He was chairman of the board of the Old Northwest Corporation, a member and past officer of the Vincennes Historical and Antiquarian Society, the Old Northwest Genealogy Society, the Vincennes Kiwanis Club, Fort Knox II Committee, the Indiana Military Museum, and a past president of the Vincennes University Alumni Association. In addition, he served as a member and chairman of the board of the Kemper Military School and College and was a member of American Legion Post No. 73 since 1952.In 1984, Indiana Governor Robert Orr made him a Sagamore of the Wabash, and in 1996 he was awarded the Caleb B. Smith Medal of Honor, the highest award given by the Grand Lodge of Masons in Indiana. In 1997, Gus was named a Distinguished Graduate of Vincennes Lincoln High School and in 1998 was named a “Patriot of Vincennes” by the city. In 2000, he received the Long Knife Award, presented by the Spirit of Vincennes Rendezvous, Inc., for contributions to historical development of the Vincennes area. He is also a past recipient of the Walter A. Davis Citation from Vincennes University. During his long career, he wrote and published numerous articles for historical journals, magazines and newspapers.

Upon his retirement from Vincennes University, he served as the volunteer curator at Grouseland, the home of William Henry Harrison, and continued service as the Vice President of the Board of the Indiana Masonic Home and Medical Center.He was devoted to his church, formerly First Presbyterian and now Upper Indiana Presbyterian, as an elder and a member of the Session.

He loved music and was self-taught on the piano. He enjoyed playing American Popular Standards by composers such as George Gershwin, Jerome Kern, and Irving Berlin, as well as Indiana’s own Cole Porter and Hoagy Carmichael. He also loved the music of the Big Band era.When asked about the origin of his nickname, Gus would tell the story of himself as a kid, five or six years old, coming into his home on Old Wheatland Road with tattered clothes and a dirty face. Upon seeing him, his Uncle Bob Reller remarked, “Kid, you look like a member of the Gashouse Gang. From now on I’m going to call you “Gashouse Gus”. The reference was to the famous 1930’s St. Louis Cardinals baseball team known as the “Gashouse Gang” and the name stuck. Today, there are probably people in Vincennes who don’t even know his name was Robert.

Preserving the history of Vincennes was certainly Gus’ passion. While happy to discuss the life and times of Francis Vigo, Red Skelton, or countless others who contributed to Vincennes’ rich history, few things brought him more joy than showing dignitaries, visitors, and his grandchildren the local historic sights. The George Rogers Clark Memorial, the Harrison House, the Gimbel Corner, the cemeteries, Kimmel and Gregg parks, the French House and the military museum were all standard stops on his tours. His extensive genealogical collection is available for research at the local McGrady-Brockman regional history/genealogy center. The legacy of Gus’ broad knowledge of Vincennes and the state of Indiana will forever be his gift to succeeding generations.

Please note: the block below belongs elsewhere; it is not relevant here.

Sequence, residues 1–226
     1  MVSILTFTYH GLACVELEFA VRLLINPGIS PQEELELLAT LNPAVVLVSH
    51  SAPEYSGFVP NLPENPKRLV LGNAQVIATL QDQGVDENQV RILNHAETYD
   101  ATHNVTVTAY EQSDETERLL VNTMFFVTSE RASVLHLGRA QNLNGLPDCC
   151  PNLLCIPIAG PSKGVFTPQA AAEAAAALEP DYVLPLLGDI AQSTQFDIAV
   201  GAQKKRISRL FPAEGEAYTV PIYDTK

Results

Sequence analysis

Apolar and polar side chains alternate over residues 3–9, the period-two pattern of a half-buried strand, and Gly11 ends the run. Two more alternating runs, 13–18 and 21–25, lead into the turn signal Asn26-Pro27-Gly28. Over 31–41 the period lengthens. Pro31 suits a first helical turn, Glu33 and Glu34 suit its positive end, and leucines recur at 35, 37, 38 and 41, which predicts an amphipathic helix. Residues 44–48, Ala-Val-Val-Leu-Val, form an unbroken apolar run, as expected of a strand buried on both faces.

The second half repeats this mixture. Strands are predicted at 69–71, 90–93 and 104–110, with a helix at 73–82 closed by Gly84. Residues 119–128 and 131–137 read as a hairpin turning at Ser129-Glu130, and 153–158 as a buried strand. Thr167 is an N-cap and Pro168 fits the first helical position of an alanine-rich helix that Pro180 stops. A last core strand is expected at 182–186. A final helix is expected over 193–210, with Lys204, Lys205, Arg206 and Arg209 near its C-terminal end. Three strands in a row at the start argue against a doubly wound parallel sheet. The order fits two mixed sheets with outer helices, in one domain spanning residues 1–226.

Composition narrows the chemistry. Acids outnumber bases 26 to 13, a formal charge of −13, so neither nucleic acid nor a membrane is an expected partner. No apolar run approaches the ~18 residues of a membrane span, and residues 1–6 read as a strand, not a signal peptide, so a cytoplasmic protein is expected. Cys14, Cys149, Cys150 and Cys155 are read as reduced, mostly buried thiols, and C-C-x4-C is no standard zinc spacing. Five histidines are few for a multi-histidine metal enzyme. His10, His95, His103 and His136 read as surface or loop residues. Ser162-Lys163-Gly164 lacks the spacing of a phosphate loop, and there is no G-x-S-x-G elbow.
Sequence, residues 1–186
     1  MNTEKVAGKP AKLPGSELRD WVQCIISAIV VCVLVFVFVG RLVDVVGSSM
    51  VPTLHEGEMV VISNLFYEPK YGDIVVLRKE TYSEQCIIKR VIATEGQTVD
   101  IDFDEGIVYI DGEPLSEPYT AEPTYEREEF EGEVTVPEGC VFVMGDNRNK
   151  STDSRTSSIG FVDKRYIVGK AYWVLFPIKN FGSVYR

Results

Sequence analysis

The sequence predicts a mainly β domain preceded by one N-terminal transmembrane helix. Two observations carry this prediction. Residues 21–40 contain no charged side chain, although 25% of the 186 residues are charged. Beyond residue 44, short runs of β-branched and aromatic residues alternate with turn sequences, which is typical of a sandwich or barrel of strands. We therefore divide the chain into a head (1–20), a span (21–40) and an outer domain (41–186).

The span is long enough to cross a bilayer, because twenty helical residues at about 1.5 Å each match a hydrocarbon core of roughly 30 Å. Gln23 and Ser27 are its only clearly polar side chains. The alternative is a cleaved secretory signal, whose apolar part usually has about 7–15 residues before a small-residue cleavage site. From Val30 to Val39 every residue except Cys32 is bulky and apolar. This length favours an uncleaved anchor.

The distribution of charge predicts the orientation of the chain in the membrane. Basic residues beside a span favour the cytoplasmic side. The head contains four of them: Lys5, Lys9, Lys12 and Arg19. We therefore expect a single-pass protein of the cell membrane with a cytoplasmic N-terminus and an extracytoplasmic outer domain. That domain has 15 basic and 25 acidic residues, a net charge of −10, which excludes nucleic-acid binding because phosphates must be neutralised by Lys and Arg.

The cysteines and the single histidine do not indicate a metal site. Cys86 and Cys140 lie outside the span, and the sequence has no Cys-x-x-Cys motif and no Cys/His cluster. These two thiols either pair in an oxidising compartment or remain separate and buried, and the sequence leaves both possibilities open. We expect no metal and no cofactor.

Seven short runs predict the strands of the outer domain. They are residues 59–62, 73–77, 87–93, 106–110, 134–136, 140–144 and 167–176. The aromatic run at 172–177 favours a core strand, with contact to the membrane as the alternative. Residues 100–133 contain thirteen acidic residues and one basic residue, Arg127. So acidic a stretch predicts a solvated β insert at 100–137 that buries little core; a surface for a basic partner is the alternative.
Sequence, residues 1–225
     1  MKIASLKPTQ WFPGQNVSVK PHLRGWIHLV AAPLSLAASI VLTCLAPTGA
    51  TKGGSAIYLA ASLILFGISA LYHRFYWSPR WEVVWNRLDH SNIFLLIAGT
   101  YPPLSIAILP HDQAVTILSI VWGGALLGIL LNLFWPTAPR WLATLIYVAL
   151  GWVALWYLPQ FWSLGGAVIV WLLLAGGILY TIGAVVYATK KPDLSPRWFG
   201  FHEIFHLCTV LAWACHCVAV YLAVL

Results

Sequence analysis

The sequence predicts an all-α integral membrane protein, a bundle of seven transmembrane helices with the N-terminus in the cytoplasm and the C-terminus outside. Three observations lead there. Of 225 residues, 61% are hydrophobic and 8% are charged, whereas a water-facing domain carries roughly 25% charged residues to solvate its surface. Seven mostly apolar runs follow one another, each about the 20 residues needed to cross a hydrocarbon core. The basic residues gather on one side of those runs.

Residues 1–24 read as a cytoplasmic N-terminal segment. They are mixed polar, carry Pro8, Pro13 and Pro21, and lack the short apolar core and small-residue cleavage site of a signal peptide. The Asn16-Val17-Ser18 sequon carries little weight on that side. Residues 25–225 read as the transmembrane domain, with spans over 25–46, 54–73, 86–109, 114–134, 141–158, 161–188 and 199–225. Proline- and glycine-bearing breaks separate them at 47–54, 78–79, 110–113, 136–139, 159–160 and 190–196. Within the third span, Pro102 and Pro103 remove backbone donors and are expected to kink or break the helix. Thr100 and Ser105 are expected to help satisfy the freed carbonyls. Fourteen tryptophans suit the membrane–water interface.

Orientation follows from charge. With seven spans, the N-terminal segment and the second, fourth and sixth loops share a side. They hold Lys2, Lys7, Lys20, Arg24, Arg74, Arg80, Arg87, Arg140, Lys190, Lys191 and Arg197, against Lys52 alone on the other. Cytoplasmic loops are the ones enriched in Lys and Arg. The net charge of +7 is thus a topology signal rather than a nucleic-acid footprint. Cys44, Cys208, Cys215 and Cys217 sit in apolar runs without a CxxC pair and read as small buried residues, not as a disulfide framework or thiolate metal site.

Above all things, Gus Stevens loved his family and he loved Vincennes. He would only want to be remembered as a wonderful story teller, a true gentleman, and a lifelong Hoosier.

He is survived by his wife, JoAnn (Combs) of Vincennes; sons Robert R. Stevens II and his wife, Debbie, of Evansville, James A. Stevens and his wife, Alicia, of Bethesda, MD, Richard L. Stevens and his wife, Terri, of Burke, VA, and David G. Stevens of Vincennes; nine loving grand-children – Mandy, Josh, Erica, Matt, Jake, Indy, Keller, Mitch, and Aly; five loving great-grandchildren – Taylor, Luke, Liam, Micah, and James; cousins Sara VanStone of Indianapolis, Karen Slade of Wildwood, FL, and David Bruce of Daggett, CA. He is also survived by step-children Randy Combs and his wife, Lisa, of Milan IN, Elizabeth Lee and her husband, Mark, of San Antonio, TX, Steve Combs and his wife, Erica, of Vincennes and 9 step-grandchildren.

Gus was preceded in death by his parents, Mary (Reller) and R. Nelson Gaskins; his maternal grandparents Mabel (Potter) and Hugo N. Reller with whom he spent significant time growing up; a half-sister Susan J. Talbert; and his first wife of 37 years, Suzanne Stevens.

Due to the COVID-19 pandemic, the family will hold private services. A Masonic memorial service will be conducted at a later date. In lieu of flowers, the family would like memorial contributions to be sent to the Grouseland Foundation, 3 West Scott St, Vincennes or online at for an endowment to sustain the historic mansion; or to the Red Skelton Museum Foundation, 20 Red Skelton Blvd., Vincennes or online at; or you may mail a donation to the Indiana Military Museum, PO Box 977, Vincennes, IN 47591. On line memories may be shared with Gus’ family and friends at Goodwin-Sievers Funeral Home, Gardner-Brockman Chapel is honored to assist the Stevens family with arrangements.

His column is broken, and his brethren mourn.

Requiescat in pace.